ATLANTA -- Brewers hitters combined for 66 plate appearances in the first two games of the National League Division Series, and only one of those produced any runs. Without Rowdy Tellez’s two-run home run off Charlie Morton in the seventh inning of Game 1, Milwaukee could be down a pair of games in the best-of-five NLDS instead of knotted with Atlanta at one game apiece going into today’s Game 3 at Truist Park.
The problem is that this is not a new problem. The Brewers took a 14-game lead in the NL Central with 18 games to play when they swept a series at Cleveland from Sept. 10-12, by a combined score of 24-4. Twice in that three-game set, they scored double-digit runs.
Since that series, as they cruised to the division crown with a week to go, Milwaukee prioritized rest over the final week of the regular season, then waited four days before ramping back up for the NLDS. The Brewers have played a total of 20 games in that span and have recorded double-digit hits in one of them, and double-digit runs in none. Over those 20 games, the club is hitting .201 and slugging a collective .332.
The Brewers were not an offensive juggernaut in 2021, ranking 11th of 15 NL teams in OPS and seventh in runs per game, but that was plenty good enough to win 95 games with their elite pitching staff.
What is the key to getting the lineup going? Here are some ideas:
1. Get the top of the order going
It’s logical that as the leadoff hitter goes, the team goes, and that was certainly the case for the Brewers and Kolten Wong during the regular season. In victories, Wong slashed .327/.391/.548. In losses, he slashed .203/.263/.320.
So far in the NLDS, Wong is 1-for-8 with no walks and three strikeouts. But he’s embracing the responsibility that comes along with leading things off.
“I’ve been playing this game for a good amount of time so far and this is the first time I’m actually put in a position where I can be a spark plug. I can be that guy,” Wong said at the end of the regular season. “I take a lot of pride in that. I take a lot of respect from that point. I finally earned my way into that spot. I want to make sure these guys know and the fans know and everybody knows that when I step onto the [field], I’m ready to go.”
With right-hander Ian Anderson on the mound for the Braves in Game 3, Christian Yelich may also return to the top-third of the lineup after hitting fifth against lefty Max Fried in Game 2. Yelich has reached safely three times in his first eight plate appearances of the NLDS.
He’s still not hitting for power, however; Yelich has one home run since Aug. 21.
“I’ll say it until the last pitch is thrown: I want ‘Yeli’ up there,” Brewers hitting coach Andy Haines said after the team worked out at Truist Park on Sunday. “He’s got another gear. He does. I don’t know how to prove it, but we all know [Ryan] Braun had it; Yeli has it, [Lorenzo] Cain has it. They get paid all that money for a reason.”
2. Face a starter not named Morton or Fried
Give credit where credit is due. In Morton, the Brewers beat a pitcher who has a 3.34 ERA in 67 1/3 postseason innings, and in Fried, they were shut out by a pitcher with MLB’s best ERA since the All-Star break.
In Game 3, the Brewers draw Anderson, who didn’t debut in the Majors until Aug. 26, 2020, but he will already be making his fifth career postseason start. He had a 3.58 ERA during the regular season and, like Brewers starter Freddy Peralta, missed some time with a right shoulder injury.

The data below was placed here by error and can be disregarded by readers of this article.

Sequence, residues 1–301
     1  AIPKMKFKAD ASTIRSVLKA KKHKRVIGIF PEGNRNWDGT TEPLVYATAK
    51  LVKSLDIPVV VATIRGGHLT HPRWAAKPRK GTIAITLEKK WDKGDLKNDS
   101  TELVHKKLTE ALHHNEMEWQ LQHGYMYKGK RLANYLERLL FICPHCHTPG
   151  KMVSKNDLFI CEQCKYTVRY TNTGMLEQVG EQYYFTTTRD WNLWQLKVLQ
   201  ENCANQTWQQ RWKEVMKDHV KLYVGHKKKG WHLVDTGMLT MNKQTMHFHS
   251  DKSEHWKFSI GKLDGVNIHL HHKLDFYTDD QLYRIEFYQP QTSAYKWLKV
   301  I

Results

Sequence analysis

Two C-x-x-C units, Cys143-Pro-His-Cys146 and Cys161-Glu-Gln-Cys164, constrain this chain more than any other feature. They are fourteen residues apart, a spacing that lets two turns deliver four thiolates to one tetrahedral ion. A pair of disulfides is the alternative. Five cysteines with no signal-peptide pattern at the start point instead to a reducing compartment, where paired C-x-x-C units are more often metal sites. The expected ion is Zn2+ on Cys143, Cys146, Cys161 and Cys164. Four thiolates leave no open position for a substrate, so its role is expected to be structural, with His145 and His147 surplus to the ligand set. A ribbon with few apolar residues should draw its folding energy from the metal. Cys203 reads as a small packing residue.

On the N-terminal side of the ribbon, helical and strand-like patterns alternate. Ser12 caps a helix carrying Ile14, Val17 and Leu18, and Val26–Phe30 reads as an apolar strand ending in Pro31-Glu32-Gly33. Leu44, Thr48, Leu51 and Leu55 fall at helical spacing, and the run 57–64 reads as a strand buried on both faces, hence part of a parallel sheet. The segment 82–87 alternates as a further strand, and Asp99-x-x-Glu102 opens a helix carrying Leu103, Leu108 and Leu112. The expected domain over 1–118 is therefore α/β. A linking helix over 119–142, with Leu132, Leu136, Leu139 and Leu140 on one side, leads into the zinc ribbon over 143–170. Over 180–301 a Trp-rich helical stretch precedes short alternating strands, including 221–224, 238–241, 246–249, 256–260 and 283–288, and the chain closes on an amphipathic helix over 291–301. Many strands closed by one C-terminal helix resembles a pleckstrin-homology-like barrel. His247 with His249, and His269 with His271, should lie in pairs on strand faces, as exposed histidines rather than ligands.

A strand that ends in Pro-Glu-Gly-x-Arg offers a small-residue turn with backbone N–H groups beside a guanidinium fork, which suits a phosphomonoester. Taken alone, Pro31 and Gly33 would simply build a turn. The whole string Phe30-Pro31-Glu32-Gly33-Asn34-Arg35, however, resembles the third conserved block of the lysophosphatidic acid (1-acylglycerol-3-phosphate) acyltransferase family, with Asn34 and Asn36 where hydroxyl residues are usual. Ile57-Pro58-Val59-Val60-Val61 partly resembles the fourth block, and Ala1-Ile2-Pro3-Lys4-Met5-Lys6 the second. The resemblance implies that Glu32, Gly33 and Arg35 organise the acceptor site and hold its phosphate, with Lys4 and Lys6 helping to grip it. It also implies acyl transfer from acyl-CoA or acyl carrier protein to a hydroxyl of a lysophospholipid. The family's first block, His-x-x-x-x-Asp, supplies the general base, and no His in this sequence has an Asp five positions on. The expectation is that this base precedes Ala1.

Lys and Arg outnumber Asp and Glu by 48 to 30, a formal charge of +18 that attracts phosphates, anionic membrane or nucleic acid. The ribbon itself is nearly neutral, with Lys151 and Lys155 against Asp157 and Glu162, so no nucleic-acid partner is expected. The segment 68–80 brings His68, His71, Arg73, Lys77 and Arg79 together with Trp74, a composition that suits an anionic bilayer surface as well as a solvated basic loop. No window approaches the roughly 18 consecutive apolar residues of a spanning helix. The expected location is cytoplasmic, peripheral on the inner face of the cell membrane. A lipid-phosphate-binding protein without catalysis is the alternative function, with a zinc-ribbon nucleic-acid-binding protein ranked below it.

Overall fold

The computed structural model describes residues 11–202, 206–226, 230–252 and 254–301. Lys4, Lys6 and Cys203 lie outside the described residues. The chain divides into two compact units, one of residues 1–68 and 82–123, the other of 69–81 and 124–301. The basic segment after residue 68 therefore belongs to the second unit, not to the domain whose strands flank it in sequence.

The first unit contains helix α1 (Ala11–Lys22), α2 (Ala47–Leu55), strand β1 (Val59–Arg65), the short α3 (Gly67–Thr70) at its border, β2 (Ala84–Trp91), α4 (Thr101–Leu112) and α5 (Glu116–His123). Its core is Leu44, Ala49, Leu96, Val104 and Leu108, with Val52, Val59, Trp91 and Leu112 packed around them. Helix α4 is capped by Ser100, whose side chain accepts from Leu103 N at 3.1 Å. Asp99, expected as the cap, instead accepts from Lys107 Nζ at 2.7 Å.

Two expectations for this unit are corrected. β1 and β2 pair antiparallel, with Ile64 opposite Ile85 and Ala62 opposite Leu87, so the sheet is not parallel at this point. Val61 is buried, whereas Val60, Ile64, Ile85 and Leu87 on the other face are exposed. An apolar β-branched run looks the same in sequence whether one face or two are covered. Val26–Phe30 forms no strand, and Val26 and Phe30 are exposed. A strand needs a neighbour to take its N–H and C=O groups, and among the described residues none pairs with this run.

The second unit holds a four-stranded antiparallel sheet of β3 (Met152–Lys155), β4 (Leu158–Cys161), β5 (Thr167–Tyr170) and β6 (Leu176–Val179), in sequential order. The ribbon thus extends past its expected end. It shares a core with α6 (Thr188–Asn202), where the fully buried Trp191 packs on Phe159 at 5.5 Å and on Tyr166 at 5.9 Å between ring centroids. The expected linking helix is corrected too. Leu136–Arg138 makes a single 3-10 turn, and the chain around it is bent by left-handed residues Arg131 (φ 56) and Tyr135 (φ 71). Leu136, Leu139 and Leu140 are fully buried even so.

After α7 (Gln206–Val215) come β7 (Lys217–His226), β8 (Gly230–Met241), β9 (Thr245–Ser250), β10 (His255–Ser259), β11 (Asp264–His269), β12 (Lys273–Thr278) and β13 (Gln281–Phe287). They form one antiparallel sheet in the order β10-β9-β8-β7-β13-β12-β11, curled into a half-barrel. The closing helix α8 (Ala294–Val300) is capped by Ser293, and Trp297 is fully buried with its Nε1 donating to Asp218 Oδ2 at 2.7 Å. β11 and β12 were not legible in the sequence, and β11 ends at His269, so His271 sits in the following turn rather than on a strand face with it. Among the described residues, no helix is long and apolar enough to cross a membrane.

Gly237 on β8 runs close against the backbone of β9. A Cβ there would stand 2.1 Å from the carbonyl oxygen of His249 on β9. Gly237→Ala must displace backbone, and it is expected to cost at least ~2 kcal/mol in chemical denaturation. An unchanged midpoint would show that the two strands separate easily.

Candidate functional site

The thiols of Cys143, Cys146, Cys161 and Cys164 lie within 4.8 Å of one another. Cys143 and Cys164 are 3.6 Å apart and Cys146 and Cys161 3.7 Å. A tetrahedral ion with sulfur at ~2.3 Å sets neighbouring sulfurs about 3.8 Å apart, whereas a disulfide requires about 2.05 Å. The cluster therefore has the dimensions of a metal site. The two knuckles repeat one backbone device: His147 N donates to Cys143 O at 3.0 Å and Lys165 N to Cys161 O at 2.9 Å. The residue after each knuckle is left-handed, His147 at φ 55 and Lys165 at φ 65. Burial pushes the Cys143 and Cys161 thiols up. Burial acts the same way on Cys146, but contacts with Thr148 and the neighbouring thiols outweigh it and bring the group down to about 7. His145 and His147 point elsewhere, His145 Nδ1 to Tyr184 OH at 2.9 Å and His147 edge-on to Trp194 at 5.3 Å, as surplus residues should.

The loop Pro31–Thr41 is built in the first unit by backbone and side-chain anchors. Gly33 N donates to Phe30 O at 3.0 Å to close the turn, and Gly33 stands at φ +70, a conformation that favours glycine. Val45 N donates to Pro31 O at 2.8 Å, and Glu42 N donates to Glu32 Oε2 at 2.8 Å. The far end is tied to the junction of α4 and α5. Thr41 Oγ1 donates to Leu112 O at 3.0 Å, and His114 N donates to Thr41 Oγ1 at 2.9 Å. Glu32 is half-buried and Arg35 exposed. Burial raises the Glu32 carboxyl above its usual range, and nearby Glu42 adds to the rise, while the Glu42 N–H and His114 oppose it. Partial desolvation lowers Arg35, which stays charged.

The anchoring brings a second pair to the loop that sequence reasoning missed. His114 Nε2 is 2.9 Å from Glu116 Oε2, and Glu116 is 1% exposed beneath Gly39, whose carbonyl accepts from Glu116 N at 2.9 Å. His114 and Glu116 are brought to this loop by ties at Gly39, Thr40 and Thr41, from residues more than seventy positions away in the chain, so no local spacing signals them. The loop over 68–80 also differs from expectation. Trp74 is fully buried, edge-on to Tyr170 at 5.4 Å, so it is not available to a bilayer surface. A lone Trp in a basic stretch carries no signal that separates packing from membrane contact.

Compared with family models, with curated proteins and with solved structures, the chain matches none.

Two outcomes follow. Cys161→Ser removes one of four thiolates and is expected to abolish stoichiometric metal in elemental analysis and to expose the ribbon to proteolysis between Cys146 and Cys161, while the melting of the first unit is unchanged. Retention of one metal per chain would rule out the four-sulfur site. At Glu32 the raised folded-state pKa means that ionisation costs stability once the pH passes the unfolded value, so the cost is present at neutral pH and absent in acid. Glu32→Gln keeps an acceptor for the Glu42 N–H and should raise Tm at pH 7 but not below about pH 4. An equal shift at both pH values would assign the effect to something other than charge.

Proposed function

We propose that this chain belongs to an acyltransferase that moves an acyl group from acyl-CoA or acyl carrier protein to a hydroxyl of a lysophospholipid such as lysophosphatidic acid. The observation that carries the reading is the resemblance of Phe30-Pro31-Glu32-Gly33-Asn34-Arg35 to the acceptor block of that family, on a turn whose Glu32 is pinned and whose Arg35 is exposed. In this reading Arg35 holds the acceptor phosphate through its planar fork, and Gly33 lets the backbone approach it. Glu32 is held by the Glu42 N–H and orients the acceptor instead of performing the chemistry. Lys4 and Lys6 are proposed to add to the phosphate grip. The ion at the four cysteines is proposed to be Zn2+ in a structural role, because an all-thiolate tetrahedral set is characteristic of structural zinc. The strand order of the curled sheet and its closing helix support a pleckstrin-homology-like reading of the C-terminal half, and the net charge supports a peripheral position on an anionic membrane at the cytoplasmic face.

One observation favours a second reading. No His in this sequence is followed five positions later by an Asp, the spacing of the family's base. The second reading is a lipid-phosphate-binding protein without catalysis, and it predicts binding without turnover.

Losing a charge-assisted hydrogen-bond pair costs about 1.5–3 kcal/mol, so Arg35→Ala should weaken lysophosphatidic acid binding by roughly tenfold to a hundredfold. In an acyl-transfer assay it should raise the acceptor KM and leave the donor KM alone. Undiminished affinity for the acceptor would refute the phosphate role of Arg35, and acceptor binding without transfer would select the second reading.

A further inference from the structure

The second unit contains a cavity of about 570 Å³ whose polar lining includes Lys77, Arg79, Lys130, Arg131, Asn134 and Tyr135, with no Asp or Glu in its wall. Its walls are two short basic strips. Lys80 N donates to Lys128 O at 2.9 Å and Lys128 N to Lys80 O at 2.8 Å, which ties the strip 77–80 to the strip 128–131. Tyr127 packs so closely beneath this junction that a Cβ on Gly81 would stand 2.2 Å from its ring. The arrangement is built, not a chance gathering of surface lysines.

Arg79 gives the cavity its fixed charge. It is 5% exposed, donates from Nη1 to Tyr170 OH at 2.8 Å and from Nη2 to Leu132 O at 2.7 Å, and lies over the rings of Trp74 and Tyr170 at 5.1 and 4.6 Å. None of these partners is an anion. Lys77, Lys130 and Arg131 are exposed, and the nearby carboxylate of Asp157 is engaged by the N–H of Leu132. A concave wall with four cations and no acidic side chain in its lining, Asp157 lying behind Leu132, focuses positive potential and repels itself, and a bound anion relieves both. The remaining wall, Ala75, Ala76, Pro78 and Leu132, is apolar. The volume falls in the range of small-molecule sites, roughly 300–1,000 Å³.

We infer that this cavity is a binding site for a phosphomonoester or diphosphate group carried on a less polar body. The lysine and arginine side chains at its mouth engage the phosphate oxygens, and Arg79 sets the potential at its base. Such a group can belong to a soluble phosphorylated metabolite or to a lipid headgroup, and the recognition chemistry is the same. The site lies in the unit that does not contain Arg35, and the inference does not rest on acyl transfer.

“I never like to get in the habit of giving the other side too much credit,” Haines said. “However, trying to see it clearly is important. We go back and watch it after to make sure it’s not emotional. I said after Morton’s game that I’m not sure I’ve seen a right-hander not named [Jacob] deGrom pitch better than that. I just haven’t. And then Fried, it’s like, you knew he was coming in having a really good second half. He just didn’t make many mistakes. When we got into an advantage count, man, he made pitches.
“You have to tip your cap. I cringe doing it, but you have to. That’s why you say to beat premium pitching, your starter has to match them and then you have to get a big hit and capitalize on mistakes.”
3. Stop missing mistakes
Avisaíl García slugged .550 on fastballs in 2021, his highest slugging percentage on any pitch in any season of his career. In the eighth inning of Game 2, with two runners aboard, two outs and García representing the potential tying run, he got into a hitter’s count at 1-0 and then saw three consecutive fastballs from Braves reliever Tyler Matzek. All were in the middle of the strike zone between 96.5-96.8 mph. García fouled off all three pitches before striking out on a slider.
Tyrone Taylor had a similar at-bat earlier in the game. The Brewers just missed prime opportunities against Braves relievers in a 3-0 loss that evened the series.
“We gave ourselves a chance,” Yelich said. “That’s what you want in those situations when you’re chasing a few runs -- just give yourself a chance to tie it with one swing of the bat.”
The Brewers have seen all three of the Braves’ bullpen “dudes,” as Craig Counsell put it Sunday: Matzek, Luke Jackson and closer Will Smith. There are no secrets anymore with the proliferation of digital video, but those live at-bats should help the hitters as the series continues.
“You’re not going to get second and third chances when you miss a pitch to hit,” Haines said. “You can’t just miss, man. You can’t do that. It’s not the regular season where you’ve got a bunch in front of you. You have to capitalize on misses and we have to step up to do what we want to do.”